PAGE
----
Yield farming has been an immensely popular activity for cryptocurrency holders since the explosion of Decentralized Finance (DeFi) in the summer of 2020. In this Systematization of Knowledge (SoK), we study a general framework for yield farming strategies with empirical analysis. First, we summarize the fundamentals of yield farming by focusing on the protocols and tokens used by aggregators. We then examine the sources of yield and translate those into three example yield farming strategies, followed by the simulations of yield farming performance, based on these strategies. We further compare four major yield aggregrators -- Idle, Pickle, Harvest and Yearn -- in the ecosystem, along with brief introductions of others. We systematize their strategies and revenue models, and conduct an empirical analysis with on-chain data from example vaults, to find a plausible connection between data anomalies and historical events. Finally, we discuss the benefits and risks of yield aggregators.

Three Remarks On Asset Pricing
Victor Olkhov
arXiv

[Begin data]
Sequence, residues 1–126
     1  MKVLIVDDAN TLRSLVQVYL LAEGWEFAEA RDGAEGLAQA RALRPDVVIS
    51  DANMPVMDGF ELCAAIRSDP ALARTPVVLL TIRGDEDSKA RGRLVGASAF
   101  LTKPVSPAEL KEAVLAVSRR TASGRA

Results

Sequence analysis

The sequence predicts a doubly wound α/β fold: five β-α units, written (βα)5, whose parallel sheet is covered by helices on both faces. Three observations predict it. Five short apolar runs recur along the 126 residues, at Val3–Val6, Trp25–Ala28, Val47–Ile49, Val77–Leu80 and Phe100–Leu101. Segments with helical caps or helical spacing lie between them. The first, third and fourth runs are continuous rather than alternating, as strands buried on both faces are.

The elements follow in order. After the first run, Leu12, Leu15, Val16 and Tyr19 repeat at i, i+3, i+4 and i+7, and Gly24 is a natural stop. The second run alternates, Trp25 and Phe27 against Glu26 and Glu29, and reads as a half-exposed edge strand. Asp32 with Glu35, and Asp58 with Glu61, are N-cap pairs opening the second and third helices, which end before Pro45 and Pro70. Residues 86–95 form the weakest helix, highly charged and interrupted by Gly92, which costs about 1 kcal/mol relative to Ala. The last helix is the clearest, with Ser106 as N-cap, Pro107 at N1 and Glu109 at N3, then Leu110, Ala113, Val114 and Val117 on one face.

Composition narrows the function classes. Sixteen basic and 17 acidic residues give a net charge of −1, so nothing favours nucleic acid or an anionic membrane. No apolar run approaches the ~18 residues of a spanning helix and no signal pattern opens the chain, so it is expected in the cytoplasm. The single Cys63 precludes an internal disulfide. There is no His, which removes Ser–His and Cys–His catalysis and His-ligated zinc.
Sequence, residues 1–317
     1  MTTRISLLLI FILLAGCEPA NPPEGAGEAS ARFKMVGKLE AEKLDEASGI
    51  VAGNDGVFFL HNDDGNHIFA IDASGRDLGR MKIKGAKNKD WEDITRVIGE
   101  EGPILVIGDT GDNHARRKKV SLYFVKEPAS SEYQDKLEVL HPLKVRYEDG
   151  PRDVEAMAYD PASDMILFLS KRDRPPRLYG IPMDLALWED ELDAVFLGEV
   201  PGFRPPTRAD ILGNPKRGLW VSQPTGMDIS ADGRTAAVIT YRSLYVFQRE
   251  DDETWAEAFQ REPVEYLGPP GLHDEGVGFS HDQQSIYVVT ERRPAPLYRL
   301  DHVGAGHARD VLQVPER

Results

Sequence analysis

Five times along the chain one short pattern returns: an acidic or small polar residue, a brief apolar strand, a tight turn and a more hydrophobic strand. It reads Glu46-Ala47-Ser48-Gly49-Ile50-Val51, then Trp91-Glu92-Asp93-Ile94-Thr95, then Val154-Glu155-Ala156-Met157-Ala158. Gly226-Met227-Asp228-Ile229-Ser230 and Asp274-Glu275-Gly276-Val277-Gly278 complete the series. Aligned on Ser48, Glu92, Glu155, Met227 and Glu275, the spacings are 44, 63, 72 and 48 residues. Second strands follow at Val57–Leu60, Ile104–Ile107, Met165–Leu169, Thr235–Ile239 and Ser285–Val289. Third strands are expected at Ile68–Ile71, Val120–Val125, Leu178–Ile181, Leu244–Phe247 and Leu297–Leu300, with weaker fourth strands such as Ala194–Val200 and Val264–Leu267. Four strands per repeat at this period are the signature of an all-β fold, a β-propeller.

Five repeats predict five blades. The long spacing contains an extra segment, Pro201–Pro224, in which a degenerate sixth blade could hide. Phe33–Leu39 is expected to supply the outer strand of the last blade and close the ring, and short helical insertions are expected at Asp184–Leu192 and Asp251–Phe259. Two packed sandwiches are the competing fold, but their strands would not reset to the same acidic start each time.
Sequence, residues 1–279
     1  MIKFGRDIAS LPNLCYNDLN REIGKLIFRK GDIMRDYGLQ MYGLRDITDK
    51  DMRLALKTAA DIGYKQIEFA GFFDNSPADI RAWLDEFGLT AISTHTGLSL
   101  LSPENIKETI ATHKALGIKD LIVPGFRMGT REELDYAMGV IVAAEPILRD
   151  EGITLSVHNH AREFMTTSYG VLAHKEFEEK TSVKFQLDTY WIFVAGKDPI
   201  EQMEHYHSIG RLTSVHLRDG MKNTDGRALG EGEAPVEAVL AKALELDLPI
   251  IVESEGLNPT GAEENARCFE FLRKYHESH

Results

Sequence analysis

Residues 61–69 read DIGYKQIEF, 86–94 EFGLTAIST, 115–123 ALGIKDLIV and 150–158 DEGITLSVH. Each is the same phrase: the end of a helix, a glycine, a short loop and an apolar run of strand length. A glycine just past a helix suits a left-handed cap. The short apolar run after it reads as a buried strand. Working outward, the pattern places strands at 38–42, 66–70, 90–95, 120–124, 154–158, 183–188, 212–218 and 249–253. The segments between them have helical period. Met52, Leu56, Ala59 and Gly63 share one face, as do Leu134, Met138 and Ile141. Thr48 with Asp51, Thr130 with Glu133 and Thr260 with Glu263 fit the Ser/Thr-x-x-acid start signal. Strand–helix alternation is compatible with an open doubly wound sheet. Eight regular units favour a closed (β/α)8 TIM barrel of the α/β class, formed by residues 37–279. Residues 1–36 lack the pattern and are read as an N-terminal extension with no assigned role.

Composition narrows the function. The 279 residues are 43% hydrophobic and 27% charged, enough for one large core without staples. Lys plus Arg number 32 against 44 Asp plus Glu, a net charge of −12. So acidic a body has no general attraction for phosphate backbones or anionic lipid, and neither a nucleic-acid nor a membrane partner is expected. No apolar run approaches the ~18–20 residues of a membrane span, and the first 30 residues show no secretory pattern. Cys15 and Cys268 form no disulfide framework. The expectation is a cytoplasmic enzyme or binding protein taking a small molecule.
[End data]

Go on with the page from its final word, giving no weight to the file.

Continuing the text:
We make three remarks to the main CAPM equation presented in the well-known textbook by John Cochrane (2001). First, we believe that any economic averaging procedure implies aggregation of corresponding time series during certain time interval ${\Delta}$ and explain the necessity to use math expectation for both sides of the main CAPM equation. Second, the first-order condition of utility max used to derive main CAPM equation should be complemented by the second one that requires negative utility second derivative. Both define the amount of assets ${\xi}_{max}$ that delivers max to utility. Expansions of the utility in a Taylor series by price and payoff variations give approximations for ${\xi}_{max}$ and uncover equations on price, payoff, volatility, skewness, their covariance's and etc. We discuss why market price-volume positive correlations may prohibit existence of ${\xi}_{max}$ and main CAPM equation. Third, we argue that the economic sense of the conventional frequency-based price probability may be poor. To overcome this trouble we propose new price probability measure based on widely used volume weighted average price (VWAP). To forecast price volatility one should predict evolution of squares of the value and the volume of market trades aggregated during averaging interval ${\Delta}$. The forecast of the new price probability measure may be the main tough puzzle for CAPM and finance. However investors are free to chose any probability measure they prefer as ground for their investment strategies but should be ready for unexpected losses due to possible distinctions with real market trade price dynamics.